Grandfatherhood: Shifting Masculinities in Later Life

19 March 2015

Robin Mann, Bangor University, UK, Anna Tarrant, University of Leeds, UK, George W Leeson, University of Oxford, UK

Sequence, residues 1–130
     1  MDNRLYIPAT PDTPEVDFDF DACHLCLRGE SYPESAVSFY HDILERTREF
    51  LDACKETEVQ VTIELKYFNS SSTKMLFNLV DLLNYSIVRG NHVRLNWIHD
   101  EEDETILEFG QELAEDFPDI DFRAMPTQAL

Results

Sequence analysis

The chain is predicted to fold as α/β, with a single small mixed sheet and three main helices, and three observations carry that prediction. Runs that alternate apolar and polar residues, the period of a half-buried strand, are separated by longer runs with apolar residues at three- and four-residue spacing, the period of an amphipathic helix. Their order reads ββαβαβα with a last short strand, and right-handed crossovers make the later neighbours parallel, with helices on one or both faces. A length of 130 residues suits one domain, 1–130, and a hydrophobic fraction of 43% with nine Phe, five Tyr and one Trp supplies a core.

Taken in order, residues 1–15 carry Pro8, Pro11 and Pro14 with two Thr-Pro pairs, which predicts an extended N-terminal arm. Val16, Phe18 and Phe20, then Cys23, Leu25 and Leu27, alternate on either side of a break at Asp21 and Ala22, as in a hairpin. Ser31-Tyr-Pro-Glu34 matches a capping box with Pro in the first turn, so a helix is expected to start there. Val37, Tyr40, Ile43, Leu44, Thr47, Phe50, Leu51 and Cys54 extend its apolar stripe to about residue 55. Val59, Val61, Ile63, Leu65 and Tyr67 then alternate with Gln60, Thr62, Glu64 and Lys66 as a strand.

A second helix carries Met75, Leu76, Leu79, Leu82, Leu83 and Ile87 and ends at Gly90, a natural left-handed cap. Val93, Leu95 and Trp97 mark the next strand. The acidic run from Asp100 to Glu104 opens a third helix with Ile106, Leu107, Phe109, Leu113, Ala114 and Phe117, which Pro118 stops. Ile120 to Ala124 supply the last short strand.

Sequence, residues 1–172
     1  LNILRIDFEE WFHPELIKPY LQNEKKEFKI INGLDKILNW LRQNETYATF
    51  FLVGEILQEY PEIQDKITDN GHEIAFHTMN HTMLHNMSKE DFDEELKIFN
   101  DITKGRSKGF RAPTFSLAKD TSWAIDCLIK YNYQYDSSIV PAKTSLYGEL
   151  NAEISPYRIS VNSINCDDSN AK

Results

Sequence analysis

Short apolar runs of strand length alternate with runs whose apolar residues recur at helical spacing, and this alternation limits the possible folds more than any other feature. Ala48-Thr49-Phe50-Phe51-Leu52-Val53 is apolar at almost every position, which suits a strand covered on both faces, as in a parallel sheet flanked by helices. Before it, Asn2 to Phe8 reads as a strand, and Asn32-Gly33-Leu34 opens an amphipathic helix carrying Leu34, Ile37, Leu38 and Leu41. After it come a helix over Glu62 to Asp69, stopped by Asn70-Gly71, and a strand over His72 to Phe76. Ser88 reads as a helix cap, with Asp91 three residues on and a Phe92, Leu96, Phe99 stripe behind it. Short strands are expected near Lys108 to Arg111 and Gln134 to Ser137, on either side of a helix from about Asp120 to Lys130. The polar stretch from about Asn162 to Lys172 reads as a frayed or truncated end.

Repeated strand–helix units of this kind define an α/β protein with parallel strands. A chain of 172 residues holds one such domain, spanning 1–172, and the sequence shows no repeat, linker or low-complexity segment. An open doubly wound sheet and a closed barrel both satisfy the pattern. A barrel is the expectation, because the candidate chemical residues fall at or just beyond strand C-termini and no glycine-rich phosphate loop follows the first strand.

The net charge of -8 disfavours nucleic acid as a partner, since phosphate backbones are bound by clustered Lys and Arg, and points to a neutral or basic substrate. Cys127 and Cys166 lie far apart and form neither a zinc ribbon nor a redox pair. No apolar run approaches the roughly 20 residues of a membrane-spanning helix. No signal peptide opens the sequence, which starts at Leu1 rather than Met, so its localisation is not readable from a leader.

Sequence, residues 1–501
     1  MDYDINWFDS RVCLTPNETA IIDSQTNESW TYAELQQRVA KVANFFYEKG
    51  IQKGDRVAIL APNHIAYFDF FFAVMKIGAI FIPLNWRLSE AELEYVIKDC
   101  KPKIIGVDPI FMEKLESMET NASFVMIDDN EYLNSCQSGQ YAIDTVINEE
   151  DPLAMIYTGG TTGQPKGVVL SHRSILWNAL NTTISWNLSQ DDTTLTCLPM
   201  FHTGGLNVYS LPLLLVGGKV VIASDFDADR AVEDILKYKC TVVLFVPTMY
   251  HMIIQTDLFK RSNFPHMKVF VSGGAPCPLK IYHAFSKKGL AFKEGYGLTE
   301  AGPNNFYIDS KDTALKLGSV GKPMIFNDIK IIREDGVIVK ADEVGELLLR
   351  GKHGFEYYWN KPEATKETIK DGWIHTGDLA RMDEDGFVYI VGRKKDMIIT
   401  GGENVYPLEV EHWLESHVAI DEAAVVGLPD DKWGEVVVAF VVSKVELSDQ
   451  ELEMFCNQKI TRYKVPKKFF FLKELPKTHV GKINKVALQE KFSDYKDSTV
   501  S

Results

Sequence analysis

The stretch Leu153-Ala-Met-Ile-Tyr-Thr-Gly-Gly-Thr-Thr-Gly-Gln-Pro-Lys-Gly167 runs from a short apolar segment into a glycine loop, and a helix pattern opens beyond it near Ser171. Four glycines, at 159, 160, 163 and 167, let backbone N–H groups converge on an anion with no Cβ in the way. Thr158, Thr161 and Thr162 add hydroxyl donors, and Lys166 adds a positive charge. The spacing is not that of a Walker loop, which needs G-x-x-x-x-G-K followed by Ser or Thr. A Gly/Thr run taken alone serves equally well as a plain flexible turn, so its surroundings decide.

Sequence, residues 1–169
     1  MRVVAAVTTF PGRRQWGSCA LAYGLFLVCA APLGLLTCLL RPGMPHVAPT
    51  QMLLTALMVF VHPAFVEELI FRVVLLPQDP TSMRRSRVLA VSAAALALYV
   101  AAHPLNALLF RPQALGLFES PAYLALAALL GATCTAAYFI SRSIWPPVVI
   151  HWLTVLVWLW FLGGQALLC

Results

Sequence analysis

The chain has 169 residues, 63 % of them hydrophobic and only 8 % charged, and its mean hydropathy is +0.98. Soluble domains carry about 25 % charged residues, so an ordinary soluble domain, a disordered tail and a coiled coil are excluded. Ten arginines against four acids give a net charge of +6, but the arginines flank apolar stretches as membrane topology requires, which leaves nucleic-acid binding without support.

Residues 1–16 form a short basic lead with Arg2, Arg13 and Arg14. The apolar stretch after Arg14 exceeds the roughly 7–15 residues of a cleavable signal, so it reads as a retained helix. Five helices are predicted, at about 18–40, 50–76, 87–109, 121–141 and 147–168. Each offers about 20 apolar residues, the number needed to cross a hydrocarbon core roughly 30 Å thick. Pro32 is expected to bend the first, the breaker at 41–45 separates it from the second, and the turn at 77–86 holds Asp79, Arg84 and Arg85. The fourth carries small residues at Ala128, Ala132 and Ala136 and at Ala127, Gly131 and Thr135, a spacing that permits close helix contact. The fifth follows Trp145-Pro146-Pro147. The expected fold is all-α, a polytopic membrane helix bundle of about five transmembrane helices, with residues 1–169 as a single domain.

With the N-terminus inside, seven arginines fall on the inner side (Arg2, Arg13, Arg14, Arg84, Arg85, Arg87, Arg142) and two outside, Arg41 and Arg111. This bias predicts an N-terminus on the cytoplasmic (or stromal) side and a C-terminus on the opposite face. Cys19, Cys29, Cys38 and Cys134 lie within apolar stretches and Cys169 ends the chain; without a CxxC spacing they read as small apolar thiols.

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Drawing on qualitative interview data, this article examines how grandfatherhood relates to the assertion and transformation of masculinities in later life. Recent attention to ageing and masculinities has identified how older men are challenged to succeed in maintaining connections to hegemonic masculinity in light of altered family and life circumstances. The authors consider men’s engagement with grandfatherhood as a means for so doing, illustrating how men make sense of the role through continuity with hegemonic masculinity. While grandfathers describe emotionally intimate and affectionate relationships with their grandchildren, their accounts reflect desires to re-affirm previous connections to masculinities. Attention to the way individualised masculinities are re-negotiated in later life can help to explain how men are making sense of the new family opportunities that arise from being a grandparent. Such an analysis of grandfatherhood, they argue, also offers significant critique of hegemonic masculinity and its distinction to non-hegemonic masculinities intersected by old age.